Edwin van der Gun began his journey with Eichholtz when he was engaged to revamp the company’s catalogue 12 years ago. With his extensive background in fashion he gave the catalogue a new twist to make it fresh and modern. It turned out to be a huge success.
Eichholtz became famous for its eclectic designs. By mixing and matching materials and different styles from different eras, the company created incredible designs and pieces each season. With more than 2,500 pieces already in the company’s portfolio, Eichholtz is still able to introduce 600 new designs each year.
Today, Eichholtz has grown into the world’s most well-known and reputable brand for luxury design, furniture, lighting, and accessories. With the combined experience of over 150 skilled employees, a 35,000-square-meter warehouse and a grand showroom covering 4,000 square meters, the brand has furnished more than 10,000 prestigious hotels, restaurants, clubs and stores throughout the world. As the epitome of luxury living, Eichholtz aims to continuously inspire the interior design industry with extensive collections spanning various iconic styles. These collections are available here at Melandas.
Edwin van der Gun gave Prestige an exclusive interview about his creative works, how he came up with ideas and his perspective on luxury. Excerpts below:
What inspired you to become a designer?
At first, I didn’t aspire to become a designer, but it was something that gradually happened which is amazing. I did have a thing for beauty from a very young age and as time passed by, it shaped me as a designer and as a human being.
How do you keep the creative juices flowing?
Everything I see is inspiration. People and places make my creativity flow. It doesn’t have to be useful for now but it would be in the future. It’s important to keep your eyes and heart open because everything is possible. I travel around the world to buy antique, vintage pieces that we add to our collection. We are reproductionists but also creators. Twenty-five to thirty percent of our pieces come from vintage items that we bought from well-known auction houses like Sotheby’s or Christie’s. We buy 100-year-old lamps or an antique birdcage which we convert into a lamp. But next to those, we create our own collections to match the vintage antiques in the same style.
Is there a time period you look back for inspiration? Or are there any particular styles from the past that inspire you?
The past has given us a lot of lessons and useful sources that we can bring to the present. I love a lot of styles but my favourites are the art deco pieces. I just admire how it influenced the design world and everyday objects – from buildings, furniture, jewellery, fashion, cars, movie theatres, cars, trains and many more.
How do you think has the ideas about luxury changed since you started out?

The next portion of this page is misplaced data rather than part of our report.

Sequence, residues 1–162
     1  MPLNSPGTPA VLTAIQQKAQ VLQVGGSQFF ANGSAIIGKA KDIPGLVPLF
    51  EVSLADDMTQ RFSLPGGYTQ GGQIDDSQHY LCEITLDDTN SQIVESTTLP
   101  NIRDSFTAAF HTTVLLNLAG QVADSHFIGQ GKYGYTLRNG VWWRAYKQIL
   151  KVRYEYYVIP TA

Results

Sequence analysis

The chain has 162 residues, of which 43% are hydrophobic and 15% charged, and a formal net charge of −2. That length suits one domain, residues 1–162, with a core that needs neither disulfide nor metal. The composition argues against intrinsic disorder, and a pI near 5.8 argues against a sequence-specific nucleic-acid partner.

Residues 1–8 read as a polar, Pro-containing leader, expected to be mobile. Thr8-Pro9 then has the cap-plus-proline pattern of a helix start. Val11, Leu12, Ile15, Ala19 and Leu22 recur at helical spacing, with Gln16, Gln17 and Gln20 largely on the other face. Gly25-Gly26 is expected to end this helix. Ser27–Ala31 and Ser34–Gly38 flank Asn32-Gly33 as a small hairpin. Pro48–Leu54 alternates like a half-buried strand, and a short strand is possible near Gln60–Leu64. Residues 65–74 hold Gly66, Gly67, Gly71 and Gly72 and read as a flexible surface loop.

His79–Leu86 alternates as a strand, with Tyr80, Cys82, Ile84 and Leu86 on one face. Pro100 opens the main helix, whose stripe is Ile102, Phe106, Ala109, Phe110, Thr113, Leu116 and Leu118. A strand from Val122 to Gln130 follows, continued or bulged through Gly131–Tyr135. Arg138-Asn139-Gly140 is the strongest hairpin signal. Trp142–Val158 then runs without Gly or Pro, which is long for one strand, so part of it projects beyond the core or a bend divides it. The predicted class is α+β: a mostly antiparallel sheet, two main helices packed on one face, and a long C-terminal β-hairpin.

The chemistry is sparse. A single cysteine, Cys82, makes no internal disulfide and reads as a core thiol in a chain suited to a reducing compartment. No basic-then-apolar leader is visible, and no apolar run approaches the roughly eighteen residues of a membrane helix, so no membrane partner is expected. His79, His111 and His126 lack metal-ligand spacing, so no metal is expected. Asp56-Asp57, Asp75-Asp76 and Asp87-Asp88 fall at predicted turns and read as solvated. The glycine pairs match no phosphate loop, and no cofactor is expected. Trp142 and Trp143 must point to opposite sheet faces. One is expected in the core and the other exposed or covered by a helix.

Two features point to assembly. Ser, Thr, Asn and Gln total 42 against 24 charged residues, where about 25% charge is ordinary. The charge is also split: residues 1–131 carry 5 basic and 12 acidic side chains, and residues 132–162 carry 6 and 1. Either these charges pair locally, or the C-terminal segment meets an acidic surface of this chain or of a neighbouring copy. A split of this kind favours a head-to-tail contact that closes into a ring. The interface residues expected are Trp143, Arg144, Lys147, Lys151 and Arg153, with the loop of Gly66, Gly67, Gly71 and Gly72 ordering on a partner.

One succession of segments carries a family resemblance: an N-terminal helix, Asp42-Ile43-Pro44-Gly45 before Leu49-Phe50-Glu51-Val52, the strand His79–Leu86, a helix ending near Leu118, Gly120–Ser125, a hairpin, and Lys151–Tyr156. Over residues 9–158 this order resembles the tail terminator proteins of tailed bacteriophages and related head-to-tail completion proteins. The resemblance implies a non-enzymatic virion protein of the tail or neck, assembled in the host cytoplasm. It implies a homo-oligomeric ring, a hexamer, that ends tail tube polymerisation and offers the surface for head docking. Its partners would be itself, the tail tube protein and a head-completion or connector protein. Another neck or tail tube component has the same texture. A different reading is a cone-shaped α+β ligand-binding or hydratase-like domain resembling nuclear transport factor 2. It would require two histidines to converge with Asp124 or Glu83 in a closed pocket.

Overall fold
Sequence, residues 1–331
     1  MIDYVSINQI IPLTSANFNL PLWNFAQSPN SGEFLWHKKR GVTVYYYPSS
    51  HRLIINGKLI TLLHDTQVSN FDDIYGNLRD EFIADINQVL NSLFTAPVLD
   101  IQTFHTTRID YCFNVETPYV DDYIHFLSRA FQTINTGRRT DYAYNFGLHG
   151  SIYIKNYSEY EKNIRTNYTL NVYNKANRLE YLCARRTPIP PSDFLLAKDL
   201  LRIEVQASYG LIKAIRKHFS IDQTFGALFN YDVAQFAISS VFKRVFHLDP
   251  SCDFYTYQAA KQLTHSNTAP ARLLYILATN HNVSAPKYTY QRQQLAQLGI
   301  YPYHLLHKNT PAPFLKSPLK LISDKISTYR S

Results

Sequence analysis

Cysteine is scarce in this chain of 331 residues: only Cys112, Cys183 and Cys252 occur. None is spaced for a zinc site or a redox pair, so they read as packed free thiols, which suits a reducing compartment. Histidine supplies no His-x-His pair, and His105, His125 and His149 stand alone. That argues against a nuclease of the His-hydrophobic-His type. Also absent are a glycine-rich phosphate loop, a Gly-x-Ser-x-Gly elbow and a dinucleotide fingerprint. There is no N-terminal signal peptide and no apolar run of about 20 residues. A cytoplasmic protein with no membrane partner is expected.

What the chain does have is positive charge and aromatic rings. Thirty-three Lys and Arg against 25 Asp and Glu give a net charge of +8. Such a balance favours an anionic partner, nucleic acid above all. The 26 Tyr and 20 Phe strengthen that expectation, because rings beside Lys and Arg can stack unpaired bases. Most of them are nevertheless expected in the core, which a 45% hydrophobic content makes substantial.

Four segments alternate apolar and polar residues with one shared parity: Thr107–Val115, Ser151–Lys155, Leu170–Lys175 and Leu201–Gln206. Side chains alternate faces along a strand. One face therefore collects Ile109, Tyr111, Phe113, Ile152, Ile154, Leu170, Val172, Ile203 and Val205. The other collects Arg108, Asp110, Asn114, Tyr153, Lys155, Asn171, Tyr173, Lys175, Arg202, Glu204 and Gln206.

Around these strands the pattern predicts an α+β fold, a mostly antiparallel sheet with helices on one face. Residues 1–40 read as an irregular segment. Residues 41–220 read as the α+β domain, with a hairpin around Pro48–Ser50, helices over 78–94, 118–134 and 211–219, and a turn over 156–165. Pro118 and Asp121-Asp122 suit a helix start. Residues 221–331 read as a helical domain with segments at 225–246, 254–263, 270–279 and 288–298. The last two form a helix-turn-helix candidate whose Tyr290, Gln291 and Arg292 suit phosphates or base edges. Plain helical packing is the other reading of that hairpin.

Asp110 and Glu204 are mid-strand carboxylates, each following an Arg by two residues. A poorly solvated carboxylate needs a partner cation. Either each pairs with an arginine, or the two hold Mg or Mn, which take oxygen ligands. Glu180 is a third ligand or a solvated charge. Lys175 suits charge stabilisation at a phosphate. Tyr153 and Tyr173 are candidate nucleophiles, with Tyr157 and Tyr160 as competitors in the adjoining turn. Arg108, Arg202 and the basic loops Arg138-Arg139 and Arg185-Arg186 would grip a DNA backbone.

In the past, I saw that luxury was more about a “look what I have” attitude that shows extravagance. But now what goes is more like a silent luxury where the idea of having the finest things in defined by deeper attention to detail. It’s not just about logos but instead, the focus is on creating something that is comfortable, soft and timeless.
Where do you do most of your creative work?
Luckily, every place could be my working place as long I have a notebook in hand to write, to draw or just take notes as reminders. Having a notebook is such a big help because every time I have an idea in my mind, I could just sketch or draw.
How well do you work with your colleagues? How good are you at giving directions or delivering criticism?
My team is everything to me and they are the key to success. Most of them are young people and every day becomes a learning day for me because we share different experiences and perspectives. But I really enjoy it because diversity makes the team more vibrant and energetic. Speaking of criticism, it works really well because it helps us step up and work even better than before.
How do you advise your team in terms of working with clients?
Listening to the clients is important to discern what they want and need. But I tell my team to always keep in mind that we are the experts and they came seeking our advice and opinion. Sometimes it is all about giving the client what they never knew they needed.
How has the rise of the internet, e-commerce and social media affected your life and work?
Of course, this very important as it has affected us in a positive way. But when it comes to design, we have to always remember our soul. We try to stay ahead and believe in our own style. If we always try to follow trends, we lose our identity as designers and as a brand.
What is your favourite place in the world? What do you typically bring back from your travels?
May I pick two? I would say the first is my home. Second is Capri, Italy, for its ancient island by with gorgeous blue waters, clear and sunny skies, as well as delicious food that brings so many inspirations. I typically bring back everything from travelling: Pillows, home décor, table wear, glassworks and anything that fits in my suitcase. The last time I visited Indonesia for the opening of the Eichholtz boutique in Jakarta, I brought back five kilogram of thousand layers cake or spekkoek [known in Indonesia as lapis legit]. The taste is unforgettable.
What is your secret to great design?
I think there are no secrets in design. It is all about surrounding yourself with comfort that matches your way of living. If you are a vivid entertainer or somebody who hosts a lot of dinner parties, the you have to make the most out of that area. But if you have four kids and stay at home alone, you should have a good dining room or playroom just to make sure that your home has a signature touch of your own style.